On highways across America, a tribe of people called The True Knot travel in search of sustenance. They look harmless—mostly old, lots of polyester, and married to their RVs. But as Dan Torrance knows, and spunky twelve-year-old Abra Stone learns, The True Knot are quasi-immortal, living off the “steam” that children with the “shining” produce when they are slowly tortured to death.Haunted by the inhabitants of the Overlook Hotel where he spent one horrific childhood year, Dan has been drifting for decades, desperate to shed his father’s legacy of despair, alcoholism, and violence. Finally, he settles in a New Hampshire town, an AA community that sustains him, and a job at a nursing home where his remnant “shining” power provides the crucial final comfort to the dying. Aided by a prescient cat, he becomes “Doctor Sleep.”
Then Dan meets the evanescent Abra Stone, and it is her spectacular gift, the brightest shining ever seen, that reignites Dan’s own demons and summons him to a battle for Abra’s soul and survival. This is an epic war between good and evil, a gory, glorious story that will thrill the millions of devoted readers of The Shining and satisfy anyone new to the territory of this icon in the King canon.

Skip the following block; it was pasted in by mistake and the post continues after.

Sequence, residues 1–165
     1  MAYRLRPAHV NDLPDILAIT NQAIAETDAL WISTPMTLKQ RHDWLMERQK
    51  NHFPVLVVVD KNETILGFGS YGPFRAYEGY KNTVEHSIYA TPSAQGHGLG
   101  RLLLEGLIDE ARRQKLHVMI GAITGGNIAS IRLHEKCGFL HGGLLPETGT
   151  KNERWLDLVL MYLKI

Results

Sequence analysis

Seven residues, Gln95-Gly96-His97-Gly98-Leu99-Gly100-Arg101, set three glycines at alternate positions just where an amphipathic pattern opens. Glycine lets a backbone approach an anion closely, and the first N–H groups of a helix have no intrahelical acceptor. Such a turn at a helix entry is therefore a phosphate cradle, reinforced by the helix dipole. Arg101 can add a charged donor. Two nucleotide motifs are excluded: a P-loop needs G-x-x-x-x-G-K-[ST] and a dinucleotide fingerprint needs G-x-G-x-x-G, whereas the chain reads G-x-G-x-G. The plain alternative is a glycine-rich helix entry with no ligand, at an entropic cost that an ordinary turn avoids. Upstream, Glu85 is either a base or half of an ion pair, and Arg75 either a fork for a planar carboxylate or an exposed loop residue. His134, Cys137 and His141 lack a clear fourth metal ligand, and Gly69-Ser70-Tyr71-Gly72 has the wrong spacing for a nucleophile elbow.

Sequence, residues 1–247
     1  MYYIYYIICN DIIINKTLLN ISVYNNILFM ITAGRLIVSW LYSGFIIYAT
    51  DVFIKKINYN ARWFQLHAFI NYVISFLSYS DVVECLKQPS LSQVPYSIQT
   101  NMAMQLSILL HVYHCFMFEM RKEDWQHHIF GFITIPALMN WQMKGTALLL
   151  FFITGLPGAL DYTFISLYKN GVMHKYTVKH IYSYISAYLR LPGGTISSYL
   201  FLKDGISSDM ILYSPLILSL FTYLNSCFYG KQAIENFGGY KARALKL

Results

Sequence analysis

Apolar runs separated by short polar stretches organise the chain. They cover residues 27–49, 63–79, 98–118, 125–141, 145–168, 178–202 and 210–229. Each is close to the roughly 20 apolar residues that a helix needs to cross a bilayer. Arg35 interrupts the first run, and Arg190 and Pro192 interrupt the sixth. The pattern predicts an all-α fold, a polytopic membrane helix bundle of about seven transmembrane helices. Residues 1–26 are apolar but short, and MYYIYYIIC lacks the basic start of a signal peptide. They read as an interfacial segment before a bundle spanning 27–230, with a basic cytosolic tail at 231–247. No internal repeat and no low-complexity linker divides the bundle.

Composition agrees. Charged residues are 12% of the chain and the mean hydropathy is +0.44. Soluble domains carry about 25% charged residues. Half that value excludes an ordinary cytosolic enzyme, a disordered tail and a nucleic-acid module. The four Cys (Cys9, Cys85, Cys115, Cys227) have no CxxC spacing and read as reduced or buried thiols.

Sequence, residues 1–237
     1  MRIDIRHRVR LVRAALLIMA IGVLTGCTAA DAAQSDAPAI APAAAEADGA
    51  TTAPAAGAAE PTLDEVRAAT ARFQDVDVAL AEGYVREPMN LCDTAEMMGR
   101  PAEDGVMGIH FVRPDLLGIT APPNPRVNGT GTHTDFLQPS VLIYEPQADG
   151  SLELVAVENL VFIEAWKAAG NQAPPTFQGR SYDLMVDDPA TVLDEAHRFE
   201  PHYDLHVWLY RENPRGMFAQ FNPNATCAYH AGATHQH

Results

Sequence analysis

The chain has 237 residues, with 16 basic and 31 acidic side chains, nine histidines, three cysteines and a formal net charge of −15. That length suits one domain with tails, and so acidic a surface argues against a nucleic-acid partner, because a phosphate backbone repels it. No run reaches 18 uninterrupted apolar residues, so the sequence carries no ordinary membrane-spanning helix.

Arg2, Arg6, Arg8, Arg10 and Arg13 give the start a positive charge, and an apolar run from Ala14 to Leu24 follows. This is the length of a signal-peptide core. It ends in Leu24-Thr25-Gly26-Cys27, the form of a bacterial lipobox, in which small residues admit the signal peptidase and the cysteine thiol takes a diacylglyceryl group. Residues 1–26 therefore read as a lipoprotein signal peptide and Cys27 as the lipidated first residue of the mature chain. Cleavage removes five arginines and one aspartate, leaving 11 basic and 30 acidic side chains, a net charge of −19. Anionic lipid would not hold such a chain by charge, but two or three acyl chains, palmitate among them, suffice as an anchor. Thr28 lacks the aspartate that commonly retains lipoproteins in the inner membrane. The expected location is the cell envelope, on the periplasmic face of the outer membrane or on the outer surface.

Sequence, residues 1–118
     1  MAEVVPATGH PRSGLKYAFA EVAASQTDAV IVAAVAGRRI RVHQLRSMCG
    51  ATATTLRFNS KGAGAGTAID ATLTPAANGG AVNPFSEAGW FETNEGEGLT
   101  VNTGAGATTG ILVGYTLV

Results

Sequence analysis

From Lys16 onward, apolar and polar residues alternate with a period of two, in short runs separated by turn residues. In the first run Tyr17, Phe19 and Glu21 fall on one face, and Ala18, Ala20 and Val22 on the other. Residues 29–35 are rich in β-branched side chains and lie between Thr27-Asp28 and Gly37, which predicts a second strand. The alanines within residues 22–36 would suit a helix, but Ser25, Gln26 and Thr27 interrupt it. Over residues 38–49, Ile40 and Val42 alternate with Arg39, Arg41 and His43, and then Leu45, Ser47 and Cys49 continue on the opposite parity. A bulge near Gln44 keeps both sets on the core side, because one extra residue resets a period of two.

Make sure to keep an eye out for ‘Doctor Sleep’ when it releases September 2013. Until then, here are some links!
- Stephen King’s Shining Sequel ‘Doctor Sleep’ Coming in September 2013 (sfsignal)
- Matchbook Version of Fahrenheit 451 (imgur)
- 5 Sci-fi Writers Who Were Awesome Inventors Too (inktank)
- 10 Must Reads For March (flavorwire)
- 7 Things I’ve Learned So Far By Douglas Brunt (writersdigest)
- AV Club Reviews Karen Lord’s ‘The Best of All Possible Worlds’ (avclub)
- Joe Wright To Direct Adaptation of Neil Gaiman’s ‘The Ocean at The End of the Lane’? (avclub)
- The Best Places To Be If You Love Books (buzzfeed)